Rising price of admission
I vaguely recall stories of an era when governments would issue visas to foreign travellers with a gentlemanly diplomatic grace - and free of charge. If true, those were halcyon days indeed. Contrast the recent acrimony over increased mainland visa fees for UK and US nationals. Some may claim there is a sort of rough justice here, in that those Britons and Americans will, albeit indirectly, merely be helping Chinese travellers to afford the visa fees which their countries levy in turn. Tit-for-tat is certainly not uncommon in this field. But the latest rises appear to have gone further than that.
How should we gauge whether a fee is fair? Most governments nowadays see visa issuance as an activity that must pay for itself. For many, security concerns or worries over fraudulent immigration have increased the costs of processing applications. But pleading the excuse of rising costs is as likely to invite snide comments about the efficiency and pay of civil servants as it is to attract sympathetic understanding.
Anyway, cost recovery is, if pursued too single-mindedly, a questionable strategy. It overlooks the potential wider benefits from admitting visitors. If the British and Chinese governments, between them, set fees which deter Britons from making weekend excursions into the mainland, and Chinese from including London on their European itineraries, they are both losers. They would be forgoing goodwill, as well as visitor expenditure, which would surely outweigh any modest deficits borne by immigration departments if fees were lower.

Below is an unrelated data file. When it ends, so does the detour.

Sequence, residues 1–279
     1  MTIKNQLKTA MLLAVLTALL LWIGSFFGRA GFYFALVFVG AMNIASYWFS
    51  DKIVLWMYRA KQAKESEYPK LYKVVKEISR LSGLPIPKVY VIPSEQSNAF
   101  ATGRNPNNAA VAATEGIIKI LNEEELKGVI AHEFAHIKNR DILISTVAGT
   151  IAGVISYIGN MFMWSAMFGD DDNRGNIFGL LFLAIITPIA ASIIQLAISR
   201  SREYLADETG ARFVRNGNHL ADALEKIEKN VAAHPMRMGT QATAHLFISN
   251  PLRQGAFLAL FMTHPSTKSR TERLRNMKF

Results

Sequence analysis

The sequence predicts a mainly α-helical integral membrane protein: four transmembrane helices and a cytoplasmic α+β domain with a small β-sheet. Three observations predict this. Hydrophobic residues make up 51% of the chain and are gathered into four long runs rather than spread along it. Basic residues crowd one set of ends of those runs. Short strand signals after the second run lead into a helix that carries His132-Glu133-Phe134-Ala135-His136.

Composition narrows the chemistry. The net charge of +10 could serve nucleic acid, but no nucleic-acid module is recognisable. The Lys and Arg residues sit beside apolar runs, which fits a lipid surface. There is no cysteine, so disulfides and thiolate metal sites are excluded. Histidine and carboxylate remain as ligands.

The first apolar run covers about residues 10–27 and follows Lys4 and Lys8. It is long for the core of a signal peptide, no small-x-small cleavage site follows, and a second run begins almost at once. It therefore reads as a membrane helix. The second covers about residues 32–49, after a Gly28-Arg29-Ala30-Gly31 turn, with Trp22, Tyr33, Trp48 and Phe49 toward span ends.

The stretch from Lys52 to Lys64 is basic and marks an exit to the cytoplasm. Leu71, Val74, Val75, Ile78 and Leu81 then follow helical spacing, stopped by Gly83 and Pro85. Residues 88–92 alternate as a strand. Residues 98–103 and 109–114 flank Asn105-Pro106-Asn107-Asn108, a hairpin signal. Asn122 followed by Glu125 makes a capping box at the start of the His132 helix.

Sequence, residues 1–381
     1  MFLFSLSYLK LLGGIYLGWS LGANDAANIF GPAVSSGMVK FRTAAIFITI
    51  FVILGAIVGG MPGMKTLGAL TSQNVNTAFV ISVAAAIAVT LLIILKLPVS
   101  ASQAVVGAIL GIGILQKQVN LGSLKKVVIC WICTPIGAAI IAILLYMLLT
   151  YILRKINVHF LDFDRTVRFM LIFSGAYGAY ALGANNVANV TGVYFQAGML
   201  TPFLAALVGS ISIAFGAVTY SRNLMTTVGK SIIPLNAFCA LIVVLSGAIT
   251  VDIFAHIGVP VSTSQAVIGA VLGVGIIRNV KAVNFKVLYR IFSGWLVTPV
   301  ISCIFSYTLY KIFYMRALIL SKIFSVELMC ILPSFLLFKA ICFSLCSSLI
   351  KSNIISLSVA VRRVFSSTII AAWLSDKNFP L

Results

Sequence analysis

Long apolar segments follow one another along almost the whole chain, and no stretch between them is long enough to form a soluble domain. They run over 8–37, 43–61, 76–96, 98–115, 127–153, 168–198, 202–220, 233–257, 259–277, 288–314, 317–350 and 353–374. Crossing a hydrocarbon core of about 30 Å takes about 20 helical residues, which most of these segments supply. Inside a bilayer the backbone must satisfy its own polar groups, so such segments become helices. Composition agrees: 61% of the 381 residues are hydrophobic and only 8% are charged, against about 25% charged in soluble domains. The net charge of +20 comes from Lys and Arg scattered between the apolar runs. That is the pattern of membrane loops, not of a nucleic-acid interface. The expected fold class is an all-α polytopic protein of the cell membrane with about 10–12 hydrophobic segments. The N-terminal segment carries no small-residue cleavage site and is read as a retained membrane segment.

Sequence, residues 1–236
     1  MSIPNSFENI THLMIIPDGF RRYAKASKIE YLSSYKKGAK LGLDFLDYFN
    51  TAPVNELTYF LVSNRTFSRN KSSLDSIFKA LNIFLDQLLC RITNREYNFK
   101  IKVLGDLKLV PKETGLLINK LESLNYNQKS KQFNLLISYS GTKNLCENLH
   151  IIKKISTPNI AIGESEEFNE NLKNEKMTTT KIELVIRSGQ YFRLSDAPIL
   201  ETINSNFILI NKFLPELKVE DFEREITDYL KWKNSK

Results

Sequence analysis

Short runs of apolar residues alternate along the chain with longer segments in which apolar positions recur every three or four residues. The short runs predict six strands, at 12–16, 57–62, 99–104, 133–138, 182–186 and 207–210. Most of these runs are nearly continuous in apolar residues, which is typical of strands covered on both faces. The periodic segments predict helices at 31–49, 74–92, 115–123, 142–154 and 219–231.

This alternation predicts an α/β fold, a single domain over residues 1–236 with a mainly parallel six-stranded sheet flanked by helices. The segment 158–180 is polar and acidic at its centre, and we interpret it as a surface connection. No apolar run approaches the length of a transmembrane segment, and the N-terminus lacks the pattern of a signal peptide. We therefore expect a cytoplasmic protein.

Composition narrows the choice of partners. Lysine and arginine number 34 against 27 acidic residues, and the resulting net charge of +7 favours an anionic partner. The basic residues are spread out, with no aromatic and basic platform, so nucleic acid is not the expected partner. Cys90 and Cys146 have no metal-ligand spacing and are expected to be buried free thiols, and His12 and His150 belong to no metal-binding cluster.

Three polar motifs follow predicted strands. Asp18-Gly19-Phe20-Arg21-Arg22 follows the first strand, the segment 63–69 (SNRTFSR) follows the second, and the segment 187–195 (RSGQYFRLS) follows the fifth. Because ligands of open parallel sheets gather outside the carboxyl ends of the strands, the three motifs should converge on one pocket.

Some governments may, of course, have subtle reasons, in security or politics, for wishing to curtail visitor numbers, either in general or of particular nationalities. There are a few which may, rather than being willing to admit anyone as long as there is no clear reason not to, prefer to keep everyone out unless there is good reason to let them in. In such cases, the visa office can unashamedly serve as a profit centre, fleecing foreigners without being in conflict with any other policy goals.
In fiscal terms, a visa fee is actually quite a good wheeze. Like an airport departure tax, it taxes only those who should be able to afford it - businesspeople and other relatively affluent individuals. And, in domestic political terms, it has the superficial attraction of taxing only foreigners; however, that argument falls flat once the tit-for-tat process gets under way.
There are countless ways in which the visa game can be played to maximise fee income, if that is the objective - by discriminating short-term from long-term stayers, businesspeople from tourists, and so on. A sufficiently determined government could tailor the system to maximum advantage. But governments which set different fees for people from different countries may be presenting some interesting and possibly worrisome insights into their diplomatic prejudices, or even encourage presumptions of vindictiveness. And those which merely set fees reactively, on a retaliatory basis, reveal a certain sterility of thought about the wider political and economic context - although it must be admitted that the threat of retaliation may exert a very useful discipline on others.
Different governments will doubtless continue to set charges by reference to different combinations of fiscal, economic and political factors. Despite competitive forces from lower-fee jurisdictions possibly serving as some sort of restraint, the general trend seems to be upwards. This raises the relative attractiveness, certainly for short trips, of places which offer visa-free access for one's own nationality. Meanwhile, any government which first requires a visa, and then charges a lot for it, should perhaps reflect on how its image may be affected. It may be perceived as unwelcoming, and engender a certain resentment even before the visitor has set foot there. Some governments may be too thick-skinned to realise that, or perhaps too arrogant to care.
Tony Latter is a visiting professor at the University of Hong Kong